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Hallowhy: The Rise and Fall of Spiritualism

I’m fascinated by the Victorian/Edwardian period of history, which is where steampunk is usually set, as well as weird westerns. My WIP drumlins novel The Everything Machine is in some respects a space western. But quite apart from a lot of other fascinating things from that era (The Great Eastern! Brunel!) there is the puzzle of spiritualism. It’s that time of year again, so I can ask and perhaps answer a question that popped up as I read about the phenomenon of spiritualism, which was quite the thing in the Victorian era and for some time after, from roughly 1850 until 1940. It came out of nowhere and spread explosively, then vanished almost as quickly. Yes, there are a few spiritualist churches still in operation, but they’re notable not because of their ubiquity but because of their scarcity.

Here’s the (double) question: Why did spiritualism appear? And why did it vanish?

My tl-dr answer: Lotsa deaths. Also antibiotics, and television. Let’s talk about that.

Most people agree that spiritualism began in 1848 in the farm town of Hydesville, outside Rochester NY. There were two young sisters living in a small house with their parents. As you’ll note if you read Colin Wilson’s excellent Poltergeist (see yesterday’s entry) having pubertal girls in a house is practically begging for poltergeist activity.

And so it was. In the house of the Fox family, there began all the usual: scratchings, bangings, growls, raps, and more bangings. Some of the booms could be heard over a mile away. (Subwoofers didn’t exist in 1848.) Katie, the younger sister at 12, was a bit of a snot. The general assumption was that the noises were the work of the devil. So Katie jumps up in the midst of audio pandemonium, and yells, “Here, Mr. Splitfoot, do as I do!” She then pounded the kitchen table twice with her fist. The noise stopped for a moment, then two loud raps answered. Katie and her older sister Margaretta listened to the invisible whatsit echo their own noises, then established a sort of code for answers: noise (of whatever sort) meant “yes.” Silence meant “no.” Using this code, they questioned the family poltergeist, and soon established a more complex code for spelling out words. The poltergeist claimed to be the spirit of a dead peddler who had been murdered and buried beneath the cellar of the house. He gave his name as Charles Rosma, and a little digging in the cellar and behind a wall turned up bones and a peddler’s carry box used for door-to-door sales work.

The story spread like wildfire across America and then across the Atlantic to Europe, and soon lots of other people were talking to “spirits” via pounding on tables or—later—making the tables tap out codes with their legs. After that came the “planchette,” which is a kind of pointer, to be used on a board printed with the alphabet. (These were not called “ouija boards” for quite awhile after.)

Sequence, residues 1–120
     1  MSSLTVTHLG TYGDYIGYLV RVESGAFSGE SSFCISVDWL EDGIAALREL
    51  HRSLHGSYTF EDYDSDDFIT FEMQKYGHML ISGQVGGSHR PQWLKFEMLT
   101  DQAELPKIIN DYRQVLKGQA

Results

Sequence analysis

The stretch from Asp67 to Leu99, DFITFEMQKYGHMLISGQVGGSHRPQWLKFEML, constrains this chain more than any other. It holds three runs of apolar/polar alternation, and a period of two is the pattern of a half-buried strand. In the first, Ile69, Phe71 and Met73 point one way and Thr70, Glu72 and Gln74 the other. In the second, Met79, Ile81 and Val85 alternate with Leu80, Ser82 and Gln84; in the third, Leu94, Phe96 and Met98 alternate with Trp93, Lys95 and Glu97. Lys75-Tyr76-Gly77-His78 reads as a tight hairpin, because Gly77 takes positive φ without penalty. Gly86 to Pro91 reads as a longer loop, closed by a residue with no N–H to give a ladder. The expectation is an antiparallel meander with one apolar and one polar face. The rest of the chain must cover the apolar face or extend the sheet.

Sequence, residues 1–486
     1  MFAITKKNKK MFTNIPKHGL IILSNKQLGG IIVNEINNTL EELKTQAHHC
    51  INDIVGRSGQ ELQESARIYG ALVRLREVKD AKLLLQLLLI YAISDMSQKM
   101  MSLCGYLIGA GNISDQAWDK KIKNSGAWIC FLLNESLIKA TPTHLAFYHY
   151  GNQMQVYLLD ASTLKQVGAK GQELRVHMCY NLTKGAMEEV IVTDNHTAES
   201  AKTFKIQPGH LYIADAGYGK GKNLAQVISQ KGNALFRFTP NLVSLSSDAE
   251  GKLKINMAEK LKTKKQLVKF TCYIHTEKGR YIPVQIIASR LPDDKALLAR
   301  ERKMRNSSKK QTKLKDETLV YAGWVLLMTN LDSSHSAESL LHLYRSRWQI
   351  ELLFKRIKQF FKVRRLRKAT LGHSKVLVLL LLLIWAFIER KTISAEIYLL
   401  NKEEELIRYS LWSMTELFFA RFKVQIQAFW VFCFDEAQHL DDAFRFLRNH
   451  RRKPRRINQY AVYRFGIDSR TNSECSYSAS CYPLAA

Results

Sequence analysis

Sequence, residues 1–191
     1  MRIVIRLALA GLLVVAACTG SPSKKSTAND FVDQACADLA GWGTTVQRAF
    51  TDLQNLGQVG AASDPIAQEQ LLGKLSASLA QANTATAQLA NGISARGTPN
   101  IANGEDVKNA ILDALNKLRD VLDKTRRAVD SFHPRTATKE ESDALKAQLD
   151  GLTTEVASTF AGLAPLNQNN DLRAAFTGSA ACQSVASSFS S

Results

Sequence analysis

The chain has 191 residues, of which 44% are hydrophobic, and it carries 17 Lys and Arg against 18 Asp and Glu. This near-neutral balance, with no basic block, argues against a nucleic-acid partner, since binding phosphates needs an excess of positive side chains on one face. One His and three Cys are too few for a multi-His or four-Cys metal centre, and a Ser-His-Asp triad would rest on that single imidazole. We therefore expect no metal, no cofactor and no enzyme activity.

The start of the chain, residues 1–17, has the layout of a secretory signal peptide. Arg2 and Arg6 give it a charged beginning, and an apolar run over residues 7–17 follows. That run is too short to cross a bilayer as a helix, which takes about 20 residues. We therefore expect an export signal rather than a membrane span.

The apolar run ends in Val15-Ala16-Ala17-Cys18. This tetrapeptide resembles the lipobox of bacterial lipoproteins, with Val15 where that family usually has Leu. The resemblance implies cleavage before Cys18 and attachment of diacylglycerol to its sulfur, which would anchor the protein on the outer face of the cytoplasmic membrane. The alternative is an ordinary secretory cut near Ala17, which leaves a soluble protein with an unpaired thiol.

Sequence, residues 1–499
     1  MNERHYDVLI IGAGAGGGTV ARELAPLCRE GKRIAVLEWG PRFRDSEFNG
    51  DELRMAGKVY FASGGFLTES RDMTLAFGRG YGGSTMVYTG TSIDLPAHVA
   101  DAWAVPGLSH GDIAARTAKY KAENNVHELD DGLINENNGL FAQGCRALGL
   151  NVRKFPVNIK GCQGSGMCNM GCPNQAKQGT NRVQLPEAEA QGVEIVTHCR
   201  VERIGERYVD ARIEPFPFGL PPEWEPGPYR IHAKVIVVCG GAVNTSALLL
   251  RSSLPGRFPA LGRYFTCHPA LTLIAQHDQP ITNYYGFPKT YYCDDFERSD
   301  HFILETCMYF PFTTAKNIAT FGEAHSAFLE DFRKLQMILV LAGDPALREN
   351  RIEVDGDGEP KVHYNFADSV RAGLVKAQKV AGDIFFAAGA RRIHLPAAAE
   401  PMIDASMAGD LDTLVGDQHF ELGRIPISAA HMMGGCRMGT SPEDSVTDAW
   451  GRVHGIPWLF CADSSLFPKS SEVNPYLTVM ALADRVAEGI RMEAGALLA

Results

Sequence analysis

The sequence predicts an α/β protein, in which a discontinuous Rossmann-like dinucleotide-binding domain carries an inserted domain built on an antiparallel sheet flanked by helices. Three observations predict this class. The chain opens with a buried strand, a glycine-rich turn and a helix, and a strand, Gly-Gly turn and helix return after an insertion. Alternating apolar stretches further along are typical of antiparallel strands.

Certain people had a talent for talking to whatever was tipping tables or moving planchettes around. Other people didn’t, but tried it anyway—and in some cases, got some minor interactions. By the 1860s, formal spiritualist groups coalesced around the world, many claiming to be parts of a new religion. By the 1880s, spiritualism had also become a sort of parlor game played by groups of bored teens and young adults, some of whom freely admitted moving the planchette or table with their own muscles. After all, you had to touch the planchette or table with human hands to make it work. Faking it was easy, and getting laughable answers was the goal of the game.

Down the years after 1850, different methods of talking to dead guys appeared: automatic writing, trance mediums, and direct voice, among others. Despite being a game for many young people, it was taken seriously by many adults, and a spiritualist canon (most produced by automatic writing) appeared, explaining what spirits do on the job and off, where they go to school, and what sorts of surroundings they live in. Spirits claiming to be deceased relatives of the “sitters” (the people attending what later became known as seances) came through often, sometimes to say very little more than “I’m all right! It’s beautiful here! Can’t wait to see you again!” Despite a slightly grim edge to such communications, people were ecstatic to hear from their dear departed. There was plenty of religion abroad in the Victorian era, but spiritualism offered something none of the other religions could: Messages from departed loved ones.

Something people now in the 21st century generally fail to understand is that there were a lot of departed loved ones back then. And not just old people. Many children died of diseases like diphtheria, pneumonia, or that hideous killer “consumption”: the Victorian term for tuberculosis. Spouses became widowed far earlier and oftener than now. Death in childbirth was common, and supposedly happened to one in twenty pregnant women trying to give birth. Stillborn children and infants who lived for only a day or even a few hours were quite common.